Salvation is not by our knowing our own ruin, but by fully grasping the deliverance provided in Christ Jesus. A person who refuses to look to the Lord Jesus, but persists in dwelling upon his sin and ruin, reminds us of a boy who dropped a shilling down an open grating of a London sewer, and lingered there for hours, finding comfort in saying, “It rolled in just there!
Just between those two iron bars I saw it go right down. Long might he remember the details of his loss before he would in this way get back a single penny into his pocket, wherewith to buy himself a piece of bread. You see the drift of the parable; profit by it. It lies in him completely, only, and alone.
To save both from the guilt and the power of sin, Jesus is all-sufficient. His name is called Jesus, because “he shall save his people from their sins. The Lord Jesus, for the working out of this salvation, became man, and being found in fashion as a man, became obedient to death, even the death of the cross.
If another way of deliverance had been possible, the cup of bitterness would have passed from him. It stands to reason that the darling of heaven would not have died to save us if we could have been rescued at less expense. Infinite grace provided the great sacrifice; infinite love submitted to death for our sakes. How can we dream that there can be another way than the way which God has provided at such cost, and set forth in Holy Scripture so simply and so pressingly?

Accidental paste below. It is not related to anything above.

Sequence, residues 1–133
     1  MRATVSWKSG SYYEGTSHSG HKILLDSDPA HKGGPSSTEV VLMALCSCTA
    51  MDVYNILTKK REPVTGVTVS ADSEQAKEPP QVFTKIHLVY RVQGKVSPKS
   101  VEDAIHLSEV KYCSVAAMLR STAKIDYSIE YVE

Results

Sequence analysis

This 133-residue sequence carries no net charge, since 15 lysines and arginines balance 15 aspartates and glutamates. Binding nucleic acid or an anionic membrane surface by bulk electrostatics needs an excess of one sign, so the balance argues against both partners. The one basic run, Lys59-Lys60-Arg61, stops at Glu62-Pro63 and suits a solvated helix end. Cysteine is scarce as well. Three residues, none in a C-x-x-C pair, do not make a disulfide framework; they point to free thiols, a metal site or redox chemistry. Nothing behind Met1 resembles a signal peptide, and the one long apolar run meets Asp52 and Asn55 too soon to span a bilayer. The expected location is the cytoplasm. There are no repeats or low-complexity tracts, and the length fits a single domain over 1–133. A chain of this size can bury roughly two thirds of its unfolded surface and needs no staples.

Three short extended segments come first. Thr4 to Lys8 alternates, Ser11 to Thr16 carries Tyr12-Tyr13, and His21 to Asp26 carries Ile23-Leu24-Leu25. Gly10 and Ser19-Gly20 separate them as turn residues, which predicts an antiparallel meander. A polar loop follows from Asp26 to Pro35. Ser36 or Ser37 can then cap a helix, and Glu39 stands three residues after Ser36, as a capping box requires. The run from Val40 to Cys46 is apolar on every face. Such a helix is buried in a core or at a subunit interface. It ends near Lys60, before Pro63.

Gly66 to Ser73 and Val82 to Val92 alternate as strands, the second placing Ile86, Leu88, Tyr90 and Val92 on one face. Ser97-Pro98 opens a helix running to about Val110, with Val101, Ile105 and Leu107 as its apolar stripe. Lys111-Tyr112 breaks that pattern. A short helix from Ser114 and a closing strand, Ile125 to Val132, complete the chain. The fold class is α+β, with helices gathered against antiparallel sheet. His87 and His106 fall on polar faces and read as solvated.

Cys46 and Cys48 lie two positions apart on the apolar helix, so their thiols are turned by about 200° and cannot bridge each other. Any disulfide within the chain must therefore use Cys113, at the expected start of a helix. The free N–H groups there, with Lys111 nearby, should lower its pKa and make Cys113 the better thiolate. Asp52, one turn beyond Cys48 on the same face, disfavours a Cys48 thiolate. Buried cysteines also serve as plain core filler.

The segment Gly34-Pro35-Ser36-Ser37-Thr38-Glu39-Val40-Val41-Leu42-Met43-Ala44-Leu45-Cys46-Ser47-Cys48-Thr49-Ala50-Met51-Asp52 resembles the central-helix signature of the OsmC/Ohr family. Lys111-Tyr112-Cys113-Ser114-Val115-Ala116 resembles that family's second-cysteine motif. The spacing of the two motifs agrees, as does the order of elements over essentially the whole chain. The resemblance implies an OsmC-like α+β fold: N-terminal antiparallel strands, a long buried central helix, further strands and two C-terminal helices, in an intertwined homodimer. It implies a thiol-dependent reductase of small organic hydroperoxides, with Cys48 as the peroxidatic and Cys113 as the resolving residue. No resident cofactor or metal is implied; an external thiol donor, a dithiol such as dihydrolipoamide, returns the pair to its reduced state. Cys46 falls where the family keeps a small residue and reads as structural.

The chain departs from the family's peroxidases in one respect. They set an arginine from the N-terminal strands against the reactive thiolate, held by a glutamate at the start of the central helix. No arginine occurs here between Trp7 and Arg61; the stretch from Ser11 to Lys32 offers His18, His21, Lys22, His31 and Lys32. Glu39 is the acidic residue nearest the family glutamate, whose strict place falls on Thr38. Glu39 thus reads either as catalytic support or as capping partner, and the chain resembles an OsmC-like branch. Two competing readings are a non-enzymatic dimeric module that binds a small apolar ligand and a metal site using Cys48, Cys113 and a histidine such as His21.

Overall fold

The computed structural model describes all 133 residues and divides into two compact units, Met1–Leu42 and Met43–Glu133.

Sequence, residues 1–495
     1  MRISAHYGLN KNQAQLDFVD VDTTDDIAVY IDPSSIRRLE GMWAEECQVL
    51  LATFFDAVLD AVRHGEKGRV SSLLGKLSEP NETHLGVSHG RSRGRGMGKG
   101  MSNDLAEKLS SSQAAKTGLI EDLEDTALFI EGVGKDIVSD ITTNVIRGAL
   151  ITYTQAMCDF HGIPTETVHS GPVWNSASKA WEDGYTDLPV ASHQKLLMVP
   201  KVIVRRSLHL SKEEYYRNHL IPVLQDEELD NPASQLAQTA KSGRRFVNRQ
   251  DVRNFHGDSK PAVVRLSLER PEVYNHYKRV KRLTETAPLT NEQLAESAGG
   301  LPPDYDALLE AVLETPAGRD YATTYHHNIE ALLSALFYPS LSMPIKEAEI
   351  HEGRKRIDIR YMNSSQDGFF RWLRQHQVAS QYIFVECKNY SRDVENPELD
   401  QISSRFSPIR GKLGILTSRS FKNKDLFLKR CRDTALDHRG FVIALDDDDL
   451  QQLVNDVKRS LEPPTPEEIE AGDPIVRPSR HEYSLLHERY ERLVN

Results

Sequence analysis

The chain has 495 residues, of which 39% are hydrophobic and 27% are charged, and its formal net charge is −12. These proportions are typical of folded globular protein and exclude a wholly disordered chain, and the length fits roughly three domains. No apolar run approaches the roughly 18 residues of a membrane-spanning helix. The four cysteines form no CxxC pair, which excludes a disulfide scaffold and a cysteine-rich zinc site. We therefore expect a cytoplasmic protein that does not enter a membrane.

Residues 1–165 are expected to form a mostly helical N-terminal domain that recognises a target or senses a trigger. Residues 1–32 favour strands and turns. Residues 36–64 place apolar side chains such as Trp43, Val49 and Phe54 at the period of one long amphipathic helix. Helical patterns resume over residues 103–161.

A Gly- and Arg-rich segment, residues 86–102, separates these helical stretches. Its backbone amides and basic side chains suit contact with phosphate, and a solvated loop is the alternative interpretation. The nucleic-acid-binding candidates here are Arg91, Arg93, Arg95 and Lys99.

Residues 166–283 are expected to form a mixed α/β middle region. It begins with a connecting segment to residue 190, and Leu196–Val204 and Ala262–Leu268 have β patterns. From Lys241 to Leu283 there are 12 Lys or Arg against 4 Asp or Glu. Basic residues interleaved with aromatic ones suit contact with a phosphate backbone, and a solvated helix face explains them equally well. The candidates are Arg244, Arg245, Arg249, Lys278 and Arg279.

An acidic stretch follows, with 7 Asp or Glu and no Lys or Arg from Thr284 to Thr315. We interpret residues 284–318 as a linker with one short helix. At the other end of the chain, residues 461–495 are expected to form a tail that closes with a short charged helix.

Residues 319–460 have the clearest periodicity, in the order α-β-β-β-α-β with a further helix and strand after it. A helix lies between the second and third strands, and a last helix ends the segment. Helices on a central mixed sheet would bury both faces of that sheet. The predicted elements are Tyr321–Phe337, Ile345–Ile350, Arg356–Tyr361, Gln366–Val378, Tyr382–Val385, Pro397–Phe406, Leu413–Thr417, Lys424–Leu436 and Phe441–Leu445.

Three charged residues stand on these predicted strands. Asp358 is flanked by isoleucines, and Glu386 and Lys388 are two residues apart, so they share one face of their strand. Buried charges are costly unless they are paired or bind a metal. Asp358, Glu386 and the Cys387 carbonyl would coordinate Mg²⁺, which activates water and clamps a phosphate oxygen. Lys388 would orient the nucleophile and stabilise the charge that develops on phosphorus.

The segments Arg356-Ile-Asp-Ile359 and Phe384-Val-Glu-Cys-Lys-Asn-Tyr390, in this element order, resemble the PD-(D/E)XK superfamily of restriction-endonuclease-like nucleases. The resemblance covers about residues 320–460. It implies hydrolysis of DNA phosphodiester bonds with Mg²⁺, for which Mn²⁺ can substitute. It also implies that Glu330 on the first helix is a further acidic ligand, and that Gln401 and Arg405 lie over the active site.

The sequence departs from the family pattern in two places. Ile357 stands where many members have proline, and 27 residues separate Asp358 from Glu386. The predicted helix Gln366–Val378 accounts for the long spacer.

Surely it is true that “Neither is there salvation in any other: What is there of ours that could be added to his blood and righteousness? Rags and fine white linen! Our dross and his pure gold! It is an insult to the Savior to dream of such a thing. We have sinned enough, without adding this to all our other offenses. Even if we had any righteousness in which we could boast; if our fig leaves were broader than usual, and were not so utterly fading, it would be wisdom to put them away, and accept that righteousness which must be far more pleasing to God than anything of our own.
The Lord must see more that is acceptable in his Son than in the best of us. The best of us! The words seem satirical, though they were not so intended.